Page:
Fresh Supply

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Blood: Fresh Supply

Developer: Night Dive Studios

Publisher: Atari

Designer: Samuel "Kaiser" Villarreal

Engine: Kex Engine

Version: 1.0

Released: May 9, 2019

Genre: First Person Shooter

Modes: Single-player, Multiplayer

Platforms: Windows (Linux and macOS planned)



Media: Digital download

Blood as rated by the ESRB
"Blood: Fresh Supply - Release Trailer" - YouTube

"Battle an army of sycophantic cultists, zombies, gargoyles, hellhounds, and an insatiable host of horrors in your quest to defeat the evil Tchernobog. Squirm through 42 loathesome levels filled with more atmosphere than a Lovecraftian mausoleum. Begin your journey armed with a simple pitchfork and earn more effective implements of destruction like aerosol cans, flare guns, voodoo dolls and more!"--Official description

Blood: Fresh Supply (also known as the Blood Remaster and Blood EX) is a remaster of the original Blood developed by Night Dive Studios under permission from Atari. It uses the studio's in-house Kex Engine, supplanting the original Build. It was released on May 9, 2019 for Microsoft Windows onto, Steam and Humble Store. Linux and macOS releases are expected in the near future.

It supports modern frameworks such as DirectX 11, OpenGL 3.2, Vulkan as well as online multiplayer services Steamworks and GOG Galaxy. It also introduces split-screen multiplayer, a customizable difficulty mode, additional voxels and effects (such as Antialiasing, Ambient Occlusion, V-sync and Interpolation support), and a new mouse-aiming interface (as well as an emulation of the original control scheme).


Pre-Release Screamshot
Banner for the Blood remaster by Night Dive Studios.

"Blood stood up extremely well over time and we are taking care to preserve all the qualities that made the game so special... It really only needs minor updates to provide a better user experience for contemporary audiences. By using some of the functions of Nightdive’s KEX engine, we’ll be able to provide compatibility with today’s video standards, with DirectX and Vulkan support. Similarly, we’ll provide compatibility with the current audio standards. We’ll add support for modern networks, Steamworks, and GOG Galaxy to bring this original game to more players. As part of this, we will preserve the accuracy of the game behavior. While these upgrades are relatively minor, we are confident that they will provide fans with a better, current generation gameplay experience."--Daniel Grayshon, producer at Night Dive Studios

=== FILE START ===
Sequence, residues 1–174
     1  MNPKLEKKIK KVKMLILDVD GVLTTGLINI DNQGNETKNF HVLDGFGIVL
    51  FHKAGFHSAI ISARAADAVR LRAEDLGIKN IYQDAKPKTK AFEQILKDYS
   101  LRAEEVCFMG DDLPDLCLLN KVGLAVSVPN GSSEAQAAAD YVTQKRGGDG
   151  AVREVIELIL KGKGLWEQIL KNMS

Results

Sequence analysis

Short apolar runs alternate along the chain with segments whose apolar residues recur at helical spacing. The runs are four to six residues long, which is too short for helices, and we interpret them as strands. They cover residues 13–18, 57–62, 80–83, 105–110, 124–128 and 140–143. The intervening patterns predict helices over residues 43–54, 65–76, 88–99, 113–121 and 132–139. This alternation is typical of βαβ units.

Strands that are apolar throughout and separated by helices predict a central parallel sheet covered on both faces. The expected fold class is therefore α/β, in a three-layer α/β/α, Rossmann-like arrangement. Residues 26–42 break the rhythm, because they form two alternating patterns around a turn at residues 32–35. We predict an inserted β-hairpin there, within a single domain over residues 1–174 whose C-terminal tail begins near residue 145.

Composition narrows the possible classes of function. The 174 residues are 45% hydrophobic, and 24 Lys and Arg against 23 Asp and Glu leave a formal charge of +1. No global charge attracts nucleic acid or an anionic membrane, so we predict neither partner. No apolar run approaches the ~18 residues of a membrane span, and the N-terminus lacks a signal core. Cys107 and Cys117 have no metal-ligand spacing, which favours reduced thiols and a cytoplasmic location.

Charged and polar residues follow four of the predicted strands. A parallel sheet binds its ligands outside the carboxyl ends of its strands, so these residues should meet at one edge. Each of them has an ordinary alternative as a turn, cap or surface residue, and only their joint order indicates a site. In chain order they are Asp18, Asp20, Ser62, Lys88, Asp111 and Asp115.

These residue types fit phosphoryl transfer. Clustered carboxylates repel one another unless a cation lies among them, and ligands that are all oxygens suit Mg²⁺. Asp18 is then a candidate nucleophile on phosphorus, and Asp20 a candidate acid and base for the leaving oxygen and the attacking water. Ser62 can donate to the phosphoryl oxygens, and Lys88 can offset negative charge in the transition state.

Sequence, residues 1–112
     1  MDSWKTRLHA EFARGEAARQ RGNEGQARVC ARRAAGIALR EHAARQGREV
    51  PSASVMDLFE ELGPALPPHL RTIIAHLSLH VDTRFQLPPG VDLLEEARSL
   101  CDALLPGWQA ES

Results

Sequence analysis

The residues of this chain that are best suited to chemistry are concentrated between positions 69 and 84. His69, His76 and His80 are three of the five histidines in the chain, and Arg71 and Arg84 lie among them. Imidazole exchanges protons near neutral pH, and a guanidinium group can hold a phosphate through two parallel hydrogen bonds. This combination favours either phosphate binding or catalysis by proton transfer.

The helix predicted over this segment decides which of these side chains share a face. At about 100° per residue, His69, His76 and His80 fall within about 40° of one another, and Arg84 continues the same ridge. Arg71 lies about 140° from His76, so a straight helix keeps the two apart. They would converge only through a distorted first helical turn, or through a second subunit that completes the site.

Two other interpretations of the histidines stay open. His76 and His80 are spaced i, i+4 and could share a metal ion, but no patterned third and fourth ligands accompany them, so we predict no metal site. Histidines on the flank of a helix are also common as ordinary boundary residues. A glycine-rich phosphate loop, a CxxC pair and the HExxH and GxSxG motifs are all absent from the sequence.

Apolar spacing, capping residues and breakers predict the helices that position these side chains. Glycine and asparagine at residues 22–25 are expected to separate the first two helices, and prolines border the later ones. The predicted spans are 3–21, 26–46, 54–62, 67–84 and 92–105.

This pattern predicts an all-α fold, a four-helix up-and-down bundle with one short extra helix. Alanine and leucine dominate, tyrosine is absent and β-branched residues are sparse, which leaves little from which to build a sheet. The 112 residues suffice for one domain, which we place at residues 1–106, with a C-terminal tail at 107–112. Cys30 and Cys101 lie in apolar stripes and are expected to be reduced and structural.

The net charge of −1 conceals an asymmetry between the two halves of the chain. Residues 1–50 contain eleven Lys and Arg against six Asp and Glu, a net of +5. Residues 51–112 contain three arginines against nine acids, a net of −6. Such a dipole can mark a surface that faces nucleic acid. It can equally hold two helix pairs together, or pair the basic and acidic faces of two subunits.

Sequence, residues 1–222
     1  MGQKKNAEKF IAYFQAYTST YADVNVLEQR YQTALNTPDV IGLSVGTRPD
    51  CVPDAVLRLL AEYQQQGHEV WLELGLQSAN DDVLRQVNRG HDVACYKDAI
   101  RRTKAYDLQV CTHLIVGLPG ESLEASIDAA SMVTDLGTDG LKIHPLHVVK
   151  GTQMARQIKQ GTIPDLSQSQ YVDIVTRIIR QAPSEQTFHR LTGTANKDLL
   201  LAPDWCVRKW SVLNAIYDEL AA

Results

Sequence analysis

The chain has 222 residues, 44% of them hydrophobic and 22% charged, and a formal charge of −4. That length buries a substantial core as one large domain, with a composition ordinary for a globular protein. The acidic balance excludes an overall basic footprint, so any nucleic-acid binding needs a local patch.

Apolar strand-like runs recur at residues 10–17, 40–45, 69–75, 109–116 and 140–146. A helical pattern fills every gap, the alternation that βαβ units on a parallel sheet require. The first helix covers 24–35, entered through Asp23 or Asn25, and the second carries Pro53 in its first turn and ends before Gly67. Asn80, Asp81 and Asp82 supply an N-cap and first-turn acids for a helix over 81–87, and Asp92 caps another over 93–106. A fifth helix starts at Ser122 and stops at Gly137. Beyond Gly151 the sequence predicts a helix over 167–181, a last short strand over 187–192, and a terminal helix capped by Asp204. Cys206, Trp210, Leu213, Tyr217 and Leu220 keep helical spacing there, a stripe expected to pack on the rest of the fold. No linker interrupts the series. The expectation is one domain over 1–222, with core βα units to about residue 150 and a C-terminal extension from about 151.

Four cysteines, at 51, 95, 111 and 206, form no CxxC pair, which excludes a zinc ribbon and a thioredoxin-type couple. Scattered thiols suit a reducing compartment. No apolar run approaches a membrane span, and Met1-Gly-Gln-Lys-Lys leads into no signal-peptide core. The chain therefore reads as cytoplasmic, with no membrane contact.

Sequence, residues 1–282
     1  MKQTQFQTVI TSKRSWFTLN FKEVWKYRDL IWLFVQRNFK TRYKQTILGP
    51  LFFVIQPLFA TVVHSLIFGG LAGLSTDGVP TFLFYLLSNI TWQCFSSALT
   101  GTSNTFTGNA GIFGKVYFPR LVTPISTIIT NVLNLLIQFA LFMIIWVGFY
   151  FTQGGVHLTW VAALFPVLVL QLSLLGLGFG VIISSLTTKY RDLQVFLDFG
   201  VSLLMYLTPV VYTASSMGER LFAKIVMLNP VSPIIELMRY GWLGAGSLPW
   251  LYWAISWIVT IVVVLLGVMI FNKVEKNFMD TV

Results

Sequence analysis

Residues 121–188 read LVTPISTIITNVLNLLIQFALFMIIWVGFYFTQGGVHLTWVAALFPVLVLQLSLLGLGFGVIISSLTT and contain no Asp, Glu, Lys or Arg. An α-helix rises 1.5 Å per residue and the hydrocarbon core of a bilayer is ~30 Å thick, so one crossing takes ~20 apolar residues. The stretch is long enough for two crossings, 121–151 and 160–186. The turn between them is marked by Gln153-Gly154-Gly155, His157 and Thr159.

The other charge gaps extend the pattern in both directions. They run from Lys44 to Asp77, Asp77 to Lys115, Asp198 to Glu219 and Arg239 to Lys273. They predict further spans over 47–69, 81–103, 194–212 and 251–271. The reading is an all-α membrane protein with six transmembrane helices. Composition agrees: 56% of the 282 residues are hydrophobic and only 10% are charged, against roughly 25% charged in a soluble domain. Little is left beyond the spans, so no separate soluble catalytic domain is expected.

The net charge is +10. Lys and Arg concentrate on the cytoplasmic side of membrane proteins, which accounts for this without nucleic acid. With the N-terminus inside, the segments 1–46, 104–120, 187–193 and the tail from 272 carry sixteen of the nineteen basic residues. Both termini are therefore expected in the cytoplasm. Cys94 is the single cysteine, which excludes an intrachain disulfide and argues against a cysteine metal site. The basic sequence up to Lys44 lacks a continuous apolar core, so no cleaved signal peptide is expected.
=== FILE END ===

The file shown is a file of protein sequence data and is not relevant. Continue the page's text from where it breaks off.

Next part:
A remastered version of Blood, developed by Night Dive Studios under license from Atari, was announced on December 7, 2018. The port was stated to support modern graphics libraries such as DirectX and Vulkan (as opposed to the original only having partial Glide support via an alpha patch), as well as multiplayer networks such as Steamworks and GOG Galaxy. The remaster was said to be based on reverse engineering rather than the original source code (implying no original source code release is likely; the new code could be though), built atop of Samuel "Kaiser" Villarreal's Kex Engine from his earlier unofficial Blood EX effort; he was also being assisted by James "Quasar" Haley and Edward "Edward850" Richardson on the project. Kaiser confirmed on Twitter that the engine supports all Blood custom maps. The engine even allows proper modding, with scripting possible in a way not present in the original DOS executable. A quickly deleted tweet by Kaiser indicated a possible April 2019 release, which in the end extended to early May.